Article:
News Prince William and Kate, Duchess of Cambridge, on the balcony of Buckingham Palace, after their wedding on April 29, 2011. Royal wedding protesters lost their court appeal on Wednesday 22 January after they accused the Metropolitan Police of

The 20 individuals had accused the Metropolitan Police of Prince "suppressing anti-monarchist sentiment"

MPs back ban on prisoner votes

MPs tonight overwhelmingly backed a Commons motion to continue denying prisoners the right to vote in defiance of the European Court of Human Rights (ECHR).

MPs rebel over giving the vote to prisoners

Both the Conservatives and Labour are struggling to contain rebellions among their MPs over whether prisoners should get the right to vote at general elections.

Ben Emmerson: The European Court of Human Rights enhances our democracy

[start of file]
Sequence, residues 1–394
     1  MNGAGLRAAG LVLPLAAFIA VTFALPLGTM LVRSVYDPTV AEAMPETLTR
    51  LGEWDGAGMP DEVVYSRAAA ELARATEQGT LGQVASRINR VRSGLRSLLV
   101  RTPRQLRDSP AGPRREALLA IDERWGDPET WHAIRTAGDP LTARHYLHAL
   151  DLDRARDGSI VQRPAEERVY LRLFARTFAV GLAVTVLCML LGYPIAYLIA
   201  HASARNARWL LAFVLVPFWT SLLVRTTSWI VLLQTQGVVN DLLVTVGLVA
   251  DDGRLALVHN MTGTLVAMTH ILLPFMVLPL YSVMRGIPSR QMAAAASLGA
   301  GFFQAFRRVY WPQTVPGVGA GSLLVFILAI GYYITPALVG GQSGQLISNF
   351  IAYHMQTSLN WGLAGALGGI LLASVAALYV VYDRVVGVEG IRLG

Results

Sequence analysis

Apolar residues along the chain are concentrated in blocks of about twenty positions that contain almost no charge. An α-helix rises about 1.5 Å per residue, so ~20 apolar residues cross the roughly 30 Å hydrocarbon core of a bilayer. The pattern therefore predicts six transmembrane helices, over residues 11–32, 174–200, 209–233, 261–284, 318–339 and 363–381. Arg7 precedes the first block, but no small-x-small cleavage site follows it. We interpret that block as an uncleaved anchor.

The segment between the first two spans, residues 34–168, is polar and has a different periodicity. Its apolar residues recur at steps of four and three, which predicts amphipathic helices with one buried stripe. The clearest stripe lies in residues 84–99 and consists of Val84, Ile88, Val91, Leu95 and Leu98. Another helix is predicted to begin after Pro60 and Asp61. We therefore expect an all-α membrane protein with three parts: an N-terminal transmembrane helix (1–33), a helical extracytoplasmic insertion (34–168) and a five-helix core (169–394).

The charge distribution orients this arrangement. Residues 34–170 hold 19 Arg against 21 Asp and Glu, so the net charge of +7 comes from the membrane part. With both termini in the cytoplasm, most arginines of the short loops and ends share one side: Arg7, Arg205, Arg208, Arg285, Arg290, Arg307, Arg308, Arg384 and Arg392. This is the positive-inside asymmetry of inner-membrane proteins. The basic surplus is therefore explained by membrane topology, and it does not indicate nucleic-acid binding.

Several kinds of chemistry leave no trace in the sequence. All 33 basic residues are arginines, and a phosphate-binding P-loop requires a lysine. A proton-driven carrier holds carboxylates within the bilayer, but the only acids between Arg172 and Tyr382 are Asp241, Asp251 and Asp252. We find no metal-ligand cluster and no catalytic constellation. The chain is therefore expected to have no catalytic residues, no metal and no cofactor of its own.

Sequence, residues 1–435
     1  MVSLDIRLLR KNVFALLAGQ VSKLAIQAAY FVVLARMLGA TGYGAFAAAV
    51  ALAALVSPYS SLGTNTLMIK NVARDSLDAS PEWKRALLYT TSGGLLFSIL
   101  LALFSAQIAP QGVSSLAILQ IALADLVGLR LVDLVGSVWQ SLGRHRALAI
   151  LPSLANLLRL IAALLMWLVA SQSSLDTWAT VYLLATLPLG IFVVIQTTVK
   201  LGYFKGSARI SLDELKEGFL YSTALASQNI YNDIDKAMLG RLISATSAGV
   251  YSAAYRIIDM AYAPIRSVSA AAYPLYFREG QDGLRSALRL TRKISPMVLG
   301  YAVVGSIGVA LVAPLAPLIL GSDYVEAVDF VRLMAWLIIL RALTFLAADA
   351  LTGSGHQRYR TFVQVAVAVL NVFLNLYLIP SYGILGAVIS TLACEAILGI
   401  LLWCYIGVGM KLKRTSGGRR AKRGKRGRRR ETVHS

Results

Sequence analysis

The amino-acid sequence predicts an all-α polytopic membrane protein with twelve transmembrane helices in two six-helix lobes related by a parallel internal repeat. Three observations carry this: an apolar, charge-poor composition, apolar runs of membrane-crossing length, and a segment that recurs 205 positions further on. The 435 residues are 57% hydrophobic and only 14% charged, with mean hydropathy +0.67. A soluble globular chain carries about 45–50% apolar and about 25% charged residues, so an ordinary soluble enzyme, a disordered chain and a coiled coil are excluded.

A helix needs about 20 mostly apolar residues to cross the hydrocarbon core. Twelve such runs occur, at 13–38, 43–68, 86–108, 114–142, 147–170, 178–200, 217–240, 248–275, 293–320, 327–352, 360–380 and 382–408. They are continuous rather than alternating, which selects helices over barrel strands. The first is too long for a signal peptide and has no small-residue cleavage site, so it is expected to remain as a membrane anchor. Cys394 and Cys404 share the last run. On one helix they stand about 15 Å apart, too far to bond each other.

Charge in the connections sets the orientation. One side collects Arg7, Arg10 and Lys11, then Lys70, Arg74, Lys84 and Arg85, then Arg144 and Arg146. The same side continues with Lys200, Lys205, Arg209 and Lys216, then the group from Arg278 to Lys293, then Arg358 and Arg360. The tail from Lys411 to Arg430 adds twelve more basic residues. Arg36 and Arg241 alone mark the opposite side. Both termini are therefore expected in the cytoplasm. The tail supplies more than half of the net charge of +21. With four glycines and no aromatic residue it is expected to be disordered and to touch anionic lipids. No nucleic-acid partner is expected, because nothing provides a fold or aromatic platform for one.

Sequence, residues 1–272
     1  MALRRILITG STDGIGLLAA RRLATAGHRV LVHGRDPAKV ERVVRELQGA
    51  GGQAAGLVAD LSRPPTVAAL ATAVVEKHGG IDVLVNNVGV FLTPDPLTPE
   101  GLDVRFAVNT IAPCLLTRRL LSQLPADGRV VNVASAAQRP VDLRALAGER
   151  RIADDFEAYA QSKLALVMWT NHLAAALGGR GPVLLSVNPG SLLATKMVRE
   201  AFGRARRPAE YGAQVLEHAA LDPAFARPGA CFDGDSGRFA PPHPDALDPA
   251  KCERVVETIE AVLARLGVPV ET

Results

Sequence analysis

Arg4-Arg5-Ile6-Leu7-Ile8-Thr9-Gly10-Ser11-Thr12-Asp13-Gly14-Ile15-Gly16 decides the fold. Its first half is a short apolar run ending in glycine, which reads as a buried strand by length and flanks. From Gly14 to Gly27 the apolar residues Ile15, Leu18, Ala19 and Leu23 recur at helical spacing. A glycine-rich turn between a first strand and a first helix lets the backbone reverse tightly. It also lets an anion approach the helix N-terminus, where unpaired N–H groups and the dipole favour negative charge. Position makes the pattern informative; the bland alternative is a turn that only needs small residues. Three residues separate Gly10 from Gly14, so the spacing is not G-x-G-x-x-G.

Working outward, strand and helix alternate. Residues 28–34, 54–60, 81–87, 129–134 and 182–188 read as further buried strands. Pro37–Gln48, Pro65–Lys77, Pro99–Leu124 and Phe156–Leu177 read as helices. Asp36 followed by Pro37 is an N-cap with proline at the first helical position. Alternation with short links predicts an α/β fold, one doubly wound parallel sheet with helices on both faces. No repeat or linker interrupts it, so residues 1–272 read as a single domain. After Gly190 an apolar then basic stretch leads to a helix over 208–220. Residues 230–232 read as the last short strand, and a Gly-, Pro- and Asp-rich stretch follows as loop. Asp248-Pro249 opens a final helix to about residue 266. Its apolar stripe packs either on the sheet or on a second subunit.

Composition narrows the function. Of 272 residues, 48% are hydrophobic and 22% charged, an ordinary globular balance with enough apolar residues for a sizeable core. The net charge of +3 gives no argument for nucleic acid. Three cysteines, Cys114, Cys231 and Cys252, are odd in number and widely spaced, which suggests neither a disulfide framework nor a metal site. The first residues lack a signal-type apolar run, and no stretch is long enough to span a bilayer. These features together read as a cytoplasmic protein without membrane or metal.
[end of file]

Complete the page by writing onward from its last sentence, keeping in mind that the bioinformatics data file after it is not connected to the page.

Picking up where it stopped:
Lord Hoffmann is one of the country's greatest legal minds. But his quarrel with Strasbourg goes back to the Yorkshire Ripper

Call for withdrawal from EU human rights court

The Government should consider withdrawing Britain from the European Court of Human Rights unless it can significantly reform within two years, an influential think tank said today.

Pull out of human rights court, says ex-Law Lord

A former Law Lord and director of Amnesty International will call on the Government today to withdraw Britain from the jurisdiction of the European Court of Human Rights.

Robert Verkaik: No win, no fee ruling could be shot in the arm for libel courts

Celebrities who first applauded Naomi Campbell for taking on the Daily Mirror for breaching her privacy might not be so happy with the outcome of her marathon legal battle.